It is only in personal, undocumented moments that the weight of that shame is lifted, and the pain of that disappointment can heal.  It is in the minutes and seconds of perfection that never look the same from behind a lens, and that hundreds of thousands of likes cannot validate in the same way.  This is why I travel.  This is why I get lost in places, sometimes becoming no one in a crowded sea and other times, no one in a foreign country, on a beach where nobody knows where to find me.  It is in becoming insignificant and unknown where I gather the most strength and power, and in getting lost on purpose, I always accidentally find myself.  I did not bring a camera on this trip.  And because it is 2016, and the selfie generation prides itself on having cameras built into its phones, I didn't have to.  Yet whether it were now or 1976, today's sunset would still have been one I didn't capture.  Not because I was forgetful, occupied, or ill-prepared.  Simply because some moments are only mine for the taking, and not meant to be shared.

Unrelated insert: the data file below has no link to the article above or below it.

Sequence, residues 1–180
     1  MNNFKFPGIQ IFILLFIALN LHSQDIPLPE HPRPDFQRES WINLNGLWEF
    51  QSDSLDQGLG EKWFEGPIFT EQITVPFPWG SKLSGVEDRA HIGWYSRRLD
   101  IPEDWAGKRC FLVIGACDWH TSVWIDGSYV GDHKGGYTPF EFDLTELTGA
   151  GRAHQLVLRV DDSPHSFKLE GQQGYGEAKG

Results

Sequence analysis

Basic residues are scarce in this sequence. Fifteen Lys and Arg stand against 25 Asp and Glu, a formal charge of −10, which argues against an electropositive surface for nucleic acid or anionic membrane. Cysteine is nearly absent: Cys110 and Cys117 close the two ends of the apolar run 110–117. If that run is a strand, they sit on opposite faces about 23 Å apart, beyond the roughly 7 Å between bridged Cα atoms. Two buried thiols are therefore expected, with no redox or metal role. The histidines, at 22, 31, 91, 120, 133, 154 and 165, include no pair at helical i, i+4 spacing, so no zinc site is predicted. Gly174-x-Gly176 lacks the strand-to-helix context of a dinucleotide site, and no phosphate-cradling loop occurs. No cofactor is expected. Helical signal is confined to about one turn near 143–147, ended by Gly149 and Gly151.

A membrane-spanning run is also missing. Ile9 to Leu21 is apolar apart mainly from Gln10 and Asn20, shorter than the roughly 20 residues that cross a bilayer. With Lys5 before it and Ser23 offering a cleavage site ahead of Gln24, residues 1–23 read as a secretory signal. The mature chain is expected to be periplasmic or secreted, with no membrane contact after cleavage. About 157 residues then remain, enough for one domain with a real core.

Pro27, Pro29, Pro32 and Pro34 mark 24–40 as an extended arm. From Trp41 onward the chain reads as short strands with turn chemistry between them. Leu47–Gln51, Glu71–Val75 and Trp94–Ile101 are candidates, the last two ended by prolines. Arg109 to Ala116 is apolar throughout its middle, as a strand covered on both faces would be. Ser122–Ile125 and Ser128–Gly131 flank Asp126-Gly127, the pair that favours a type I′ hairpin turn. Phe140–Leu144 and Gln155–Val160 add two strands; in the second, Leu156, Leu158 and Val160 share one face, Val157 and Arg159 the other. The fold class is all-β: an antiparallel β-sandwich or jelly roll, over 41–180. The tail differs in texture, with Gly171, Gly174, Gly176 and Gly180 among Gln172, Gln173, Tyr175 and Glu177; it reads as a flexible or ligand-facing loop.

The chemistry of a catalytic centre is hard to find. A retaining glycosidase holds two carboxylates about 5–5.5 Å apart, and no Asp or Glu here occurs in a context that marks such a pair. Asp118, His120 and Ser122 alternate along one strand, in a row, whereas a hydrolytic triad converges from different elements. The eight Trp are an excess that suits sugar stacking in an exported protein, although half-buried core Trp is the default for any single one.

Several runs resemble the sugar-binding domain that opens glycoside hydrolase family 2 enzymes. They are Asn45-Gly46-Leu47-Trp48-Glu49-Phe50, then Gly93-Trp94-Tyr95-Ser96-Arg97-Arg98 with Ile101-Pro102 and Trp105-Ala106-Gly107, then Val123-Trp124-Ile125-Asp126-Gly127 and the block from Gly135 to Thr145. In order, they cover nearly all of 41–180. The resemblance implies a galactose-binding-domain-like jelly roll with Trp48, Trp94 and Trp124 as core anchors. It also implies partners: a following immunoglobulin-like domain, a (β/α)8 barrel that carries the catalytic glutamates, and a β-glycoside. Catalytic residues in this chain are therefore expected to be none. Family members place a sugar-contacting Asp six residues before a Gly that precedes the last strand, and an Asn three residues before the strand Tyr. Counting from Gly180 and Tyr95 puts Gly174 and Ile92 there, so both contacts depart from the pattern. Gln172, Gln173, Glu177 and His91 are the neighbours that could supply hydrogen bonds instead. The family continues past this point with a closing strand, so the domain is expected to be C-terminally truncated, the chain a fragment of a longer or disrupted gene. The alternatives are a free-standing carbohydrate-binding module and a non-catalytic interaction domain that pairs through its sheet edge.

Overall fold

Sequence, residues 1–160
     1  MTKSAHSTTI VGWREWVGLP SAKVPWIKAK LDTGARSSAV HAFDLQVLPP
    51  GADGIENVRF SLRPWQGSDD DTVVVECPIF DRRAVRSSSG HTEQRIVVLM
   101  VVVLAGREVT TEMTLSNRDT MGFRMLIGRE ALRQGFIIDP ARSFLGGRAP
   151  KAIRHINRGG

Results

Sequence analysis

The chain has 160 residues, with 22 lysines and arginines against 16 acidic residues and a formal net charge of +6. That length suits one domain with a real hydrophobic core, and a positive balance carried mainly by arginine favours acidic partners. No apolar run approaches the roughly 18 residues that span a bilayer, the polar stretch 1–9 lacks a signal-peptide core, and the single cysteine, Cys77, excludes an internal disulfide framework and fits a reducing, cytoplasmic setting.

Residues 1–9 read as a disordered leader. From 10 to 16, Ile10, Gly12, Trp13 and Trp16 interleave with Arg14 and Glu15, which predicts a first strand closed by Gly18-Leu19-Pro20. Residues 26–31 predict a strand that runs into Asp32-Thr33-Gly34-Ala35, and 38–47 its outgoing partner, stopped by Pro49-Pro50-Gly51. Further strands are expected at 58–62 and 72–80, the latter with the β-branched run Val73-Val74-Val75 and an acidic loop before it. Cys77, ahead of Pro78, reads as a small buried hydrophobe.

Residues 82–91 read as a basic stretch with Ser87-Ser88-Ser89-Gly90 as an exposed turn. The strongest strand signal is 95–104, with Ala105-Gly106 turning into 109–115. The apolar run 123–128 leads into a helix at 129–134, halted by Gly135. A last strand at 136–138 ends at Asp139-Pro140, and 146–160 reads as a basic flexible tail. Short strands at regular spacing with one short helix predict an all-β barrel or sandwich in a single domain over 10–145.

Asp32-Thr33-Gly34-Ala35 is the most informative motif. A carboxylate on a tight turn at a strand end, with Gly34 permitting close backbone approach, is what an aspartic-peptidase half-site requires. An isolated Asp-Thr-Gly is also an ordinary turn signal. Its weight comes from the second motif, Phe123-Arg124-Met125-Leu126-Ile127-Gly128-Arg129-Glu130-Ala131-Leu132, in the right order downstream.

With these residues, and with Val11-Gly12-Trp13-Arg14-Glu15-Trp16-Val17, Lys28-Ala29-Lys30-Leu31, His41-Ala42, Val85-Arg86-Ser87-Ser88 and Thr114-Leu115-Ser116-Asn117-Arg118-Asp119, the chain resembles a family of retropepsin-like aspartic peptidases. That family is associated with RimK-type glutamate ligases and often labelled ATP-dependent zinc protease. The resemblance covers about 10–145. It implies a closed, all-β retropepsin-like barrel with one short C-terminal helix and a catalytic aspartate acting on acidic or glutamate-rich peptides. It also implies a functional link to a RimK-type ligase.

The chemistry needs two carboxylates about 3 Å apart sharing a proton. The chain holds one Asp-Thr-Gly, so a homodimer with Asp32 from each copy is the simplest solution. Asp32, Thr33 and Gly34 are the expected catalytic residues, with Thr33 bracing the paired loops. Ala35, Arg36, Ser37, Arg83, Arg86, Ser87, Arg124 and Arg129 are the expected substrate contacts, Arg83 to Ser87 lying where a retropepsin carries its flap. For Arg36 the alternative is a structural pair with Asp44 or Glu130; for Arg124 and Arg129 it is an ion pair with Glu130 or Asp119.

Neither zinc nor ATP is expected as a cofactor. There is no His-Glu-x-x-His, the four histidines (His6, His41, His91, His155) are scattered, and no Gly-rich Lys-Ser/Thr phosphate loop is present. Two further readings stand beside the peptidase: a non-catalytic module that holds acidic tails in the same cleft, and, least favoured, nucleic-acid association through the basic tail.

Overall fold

The voice in my head has saved me.  As critical, argumentative, and logical as she may be, the Mary inside my head is still a part of me.  As smart is she is, she is trainable, and I have trained her to be my ally.  In a world that is still driven to glorify the perfect, the happy, and the overshared - all, of course, done in vain - my conscious is the first voice that calms me in times of trouble, and can transport me not into the past, nor into a shining, embellished future, but into the magical, ever-changing brilliance of being here, right now.  This moment is enough as it is.  Whether documented, shared, reproduced, or witnessed by any other bystander apart from my own two eyes, blind as a bat - this moment is enough, even when I am not.  Even when it feels like I don't have enough, because I'm worried about losing things, it is in these quiet, private moments that I gain it all back.  It is alone, in the middle of nowhere, when I know that I have everything.